Have you ever been told that carrying or holding your baby too much will spoil them? This is a common myth held by many parents and caregivers. In fact, the opposite is true!
Research has shown that well-loved babies do better in every way. The first six months are an important time for you and your baby. Take time to give love, hugs, smiles and lots of reassurance. Emotional attachment is one of the keys to raising a happy, confident child.
The BC Healthy Child Development Alliance has some simple steps you can take to help ensure a good, close connection with your baby:
Spend time face-to-face with your baby.
- Take time each day to cuddle and play with your baby up close.
- Spend time watching what your baby does and responding to facial expressions and sounds by imitating them.
- Talk to your baby. Research shows that the more words a baby hears each day, the better they learn.
Observe your baby.
Watch and listen to your baby to learn what your baby wants or needs. Here are some cues to what your baby is "saying" to you:
- Turns away, does not want eye contact: "I need rest."
- Frowns, starts to cry, pulls away: "I am upset, lonely, sick or hurt."
- Cries, has wide open eyes, stiffens body, arches spine or turns away from you: "I am in distress, upset or afraid."
- Reaches for you, follows you (if a walking toddler), face has a sad look – maybe a trembling lip: "I need you."
- Smiles, giggles, gazes at you, reaches for you, makes cooing sounds: "I like that."
Notice the cues that say "distress."
- Babies who are in distress and whose parents respond promptly (within 1-2 minutes) cry less after the first year.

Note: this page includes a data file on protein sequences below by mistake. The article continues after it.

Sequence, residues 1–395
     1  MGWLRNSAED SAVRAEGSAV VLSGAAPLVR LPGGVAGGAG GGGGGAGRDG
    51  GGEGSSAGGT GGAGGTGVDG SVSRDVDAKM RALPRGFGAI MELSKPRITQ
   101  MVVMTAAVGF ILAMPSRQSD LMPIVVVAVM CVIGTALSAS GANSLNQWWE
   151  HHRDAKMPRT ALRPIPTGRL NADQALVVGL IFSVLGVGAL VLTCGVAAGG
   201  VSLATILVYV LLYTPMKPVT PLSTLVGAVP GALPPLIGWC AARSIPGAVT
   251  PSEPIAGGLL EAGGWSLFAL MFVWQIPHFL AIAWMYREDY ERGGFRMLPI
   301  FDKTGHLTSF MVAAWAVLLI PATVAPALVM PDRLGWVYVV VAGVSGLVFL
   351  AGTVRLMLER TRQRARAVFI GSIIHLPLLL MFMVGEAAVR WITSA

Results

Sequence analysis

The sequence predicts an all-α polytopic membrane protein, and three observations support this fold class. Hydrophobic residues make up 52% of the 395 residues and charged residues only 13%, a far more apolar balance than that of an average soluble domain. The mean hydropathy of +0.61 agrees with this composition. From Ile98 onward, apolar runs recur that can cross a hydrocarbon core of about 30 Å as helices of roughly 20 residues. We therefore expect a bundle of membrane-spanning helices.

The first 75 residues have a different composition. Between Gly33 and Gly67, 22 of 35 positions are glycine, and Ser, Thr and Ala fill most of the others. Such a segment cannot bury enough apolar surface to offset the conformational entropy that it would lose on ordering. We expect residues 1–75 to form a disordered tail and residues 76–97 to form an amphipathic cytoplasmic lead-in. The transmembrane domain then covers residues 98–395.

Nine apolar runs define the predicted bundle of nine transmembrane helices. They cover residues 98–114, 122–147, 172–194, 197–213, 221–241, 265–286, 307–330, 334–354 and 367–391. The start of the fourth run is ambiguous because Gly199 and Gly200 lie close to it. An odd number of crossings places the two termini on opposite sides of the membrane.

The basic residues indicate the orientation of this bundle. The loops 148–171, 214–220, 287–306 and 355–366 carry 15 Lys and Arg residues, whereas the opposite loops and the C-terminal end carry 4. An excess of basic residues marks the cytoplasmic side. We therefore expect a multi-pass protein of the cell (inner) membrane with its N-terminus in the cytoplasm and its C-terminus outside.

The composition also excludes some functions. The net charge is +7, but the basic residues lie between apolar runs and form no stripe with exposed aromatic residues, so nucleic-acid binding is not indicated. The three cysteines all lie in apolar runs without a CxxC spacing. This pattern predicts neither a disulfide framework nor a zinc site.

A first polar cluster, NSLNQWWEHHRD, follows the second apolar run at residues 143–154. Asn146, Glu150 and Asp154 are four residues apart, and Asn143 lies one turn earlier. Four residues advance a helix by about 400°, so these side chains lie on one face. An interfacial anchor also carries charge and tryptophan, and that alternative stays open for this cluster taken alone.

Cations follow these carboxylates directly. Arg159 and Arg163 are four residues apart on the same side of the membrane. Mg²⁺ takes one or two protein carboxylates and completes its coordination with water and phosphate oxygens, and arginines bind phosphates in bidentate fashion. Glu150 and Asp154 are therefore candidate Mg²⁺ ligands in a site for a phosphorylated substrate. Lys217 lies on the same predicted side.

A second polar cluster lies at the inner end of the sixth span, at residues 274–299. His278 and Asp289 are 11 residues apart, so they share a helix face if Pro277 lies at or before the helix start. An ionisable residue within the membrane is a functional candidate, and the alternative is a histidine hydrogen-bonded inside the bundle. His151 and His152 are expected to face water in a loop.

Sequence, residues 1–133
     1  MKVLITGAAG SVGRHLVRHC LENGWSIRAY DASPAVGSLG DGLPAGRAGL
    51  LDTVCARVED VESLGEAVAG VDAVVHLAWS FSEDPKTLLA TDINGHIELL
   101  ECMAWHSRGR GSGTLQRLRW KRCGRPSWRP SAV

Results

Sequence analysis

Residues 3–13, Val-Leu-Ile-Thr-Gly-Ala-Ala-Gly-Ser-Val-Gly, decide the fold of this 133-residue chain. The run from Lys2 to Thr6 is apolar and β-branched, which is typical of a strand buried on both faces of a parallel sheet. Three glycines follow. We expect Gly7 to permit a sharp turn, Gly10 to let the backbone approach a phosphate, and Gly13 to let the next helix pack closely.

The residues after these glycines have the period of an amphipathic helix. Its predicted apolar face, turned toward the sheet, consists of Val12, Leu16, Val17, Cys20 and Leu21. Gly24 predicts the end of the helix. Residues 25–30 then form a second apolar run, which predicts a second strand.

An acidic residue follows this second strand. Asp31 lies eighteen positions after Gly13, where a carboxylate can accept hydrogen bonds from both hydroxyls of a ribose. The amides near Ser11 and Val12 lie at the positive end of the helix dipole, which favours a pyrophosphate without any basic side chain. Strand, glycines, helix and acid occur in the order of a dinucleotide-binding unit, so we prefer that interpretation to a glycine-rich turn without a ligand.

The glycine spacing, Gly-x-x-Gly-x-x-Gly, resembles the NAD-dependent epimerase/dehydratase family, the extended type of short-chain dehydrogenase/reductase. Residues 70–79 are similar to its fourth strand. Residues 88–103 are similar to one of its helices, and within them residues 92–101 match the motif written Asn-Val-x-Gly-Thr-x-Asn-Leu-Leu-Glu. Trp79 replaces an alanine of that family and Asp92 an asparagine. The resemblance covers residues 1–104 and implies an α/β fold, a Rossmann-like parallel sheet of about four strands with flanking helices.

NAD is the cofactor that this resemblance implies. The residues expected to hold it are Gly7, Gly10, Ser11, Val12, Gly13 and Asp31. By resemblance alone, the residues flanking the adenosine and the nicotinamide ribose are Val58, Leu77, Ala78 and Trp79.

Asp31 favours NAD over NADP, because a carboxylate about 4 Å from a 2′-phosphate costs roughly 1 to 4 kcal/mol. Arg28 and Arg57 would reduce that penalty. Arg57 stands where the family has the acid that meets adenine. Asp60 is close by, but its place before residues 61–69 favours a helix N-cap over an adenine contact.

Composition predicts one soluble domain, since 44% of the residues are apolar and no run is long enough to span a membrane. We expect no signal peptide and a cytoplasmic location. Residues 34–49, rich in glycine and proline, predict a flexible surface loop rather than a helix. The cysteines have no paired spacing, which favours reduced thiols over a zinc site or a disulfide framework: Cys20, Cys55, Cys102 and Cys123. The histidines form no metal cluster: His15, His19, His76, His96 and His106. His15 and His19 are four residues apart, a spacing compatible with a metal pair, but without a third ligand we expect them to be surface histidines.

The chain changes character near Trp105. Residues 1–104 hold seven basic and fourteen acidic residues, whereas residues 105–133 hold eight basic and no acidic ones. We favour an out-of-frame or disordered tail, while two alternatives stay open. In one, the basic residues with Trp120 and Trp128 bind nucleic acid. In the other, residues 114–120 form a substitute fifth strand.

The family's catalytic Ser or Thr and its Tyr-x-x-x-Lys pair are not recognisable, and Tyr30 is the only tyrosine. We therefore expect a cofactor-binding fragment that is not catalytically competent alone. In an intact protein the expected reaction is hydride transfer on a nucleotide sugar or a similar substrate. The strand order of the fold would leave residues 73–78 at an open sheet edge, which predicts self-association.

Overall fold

- Babies beyond four months old can handle short periods of mild distress; giving them a chance to calm themselves helps them to learn new skills and to sleep longer periods at night.
Delight in your baby.
- Help your baby explore and play by finding ways to play together (e.g., stacking cups or playing with blocks or stuffed toys).
- Welcome your baby when he or she needs to cuddle or comes to you for comfort.
Get down on the floor with your baby.
- Every baby needs "tummy time" on a mat or blanket set on the floor. This is a time when your baby will exercise muscles or discover new ways to move.
- Spend time watching what your baby does and respond to your baby's cues.
For more information and to learn more ways to build attachment and help your child adjust to their emotions, visit:
- Healthy Families BC
- Baby's Best Chance: Parents' Handbook of Pregnancy and Baby Care
- Toddler's First Steps: A Best Chance Guide to Parenting Your 6-to-36 Month-Old Child
- Tips for Parents: Building a Healthy Relationship with your Baby and Toddler (available in seven languages)
This article was originally published in Healthier You magazine. Read the full Summer 2016 issue all about healthy children below!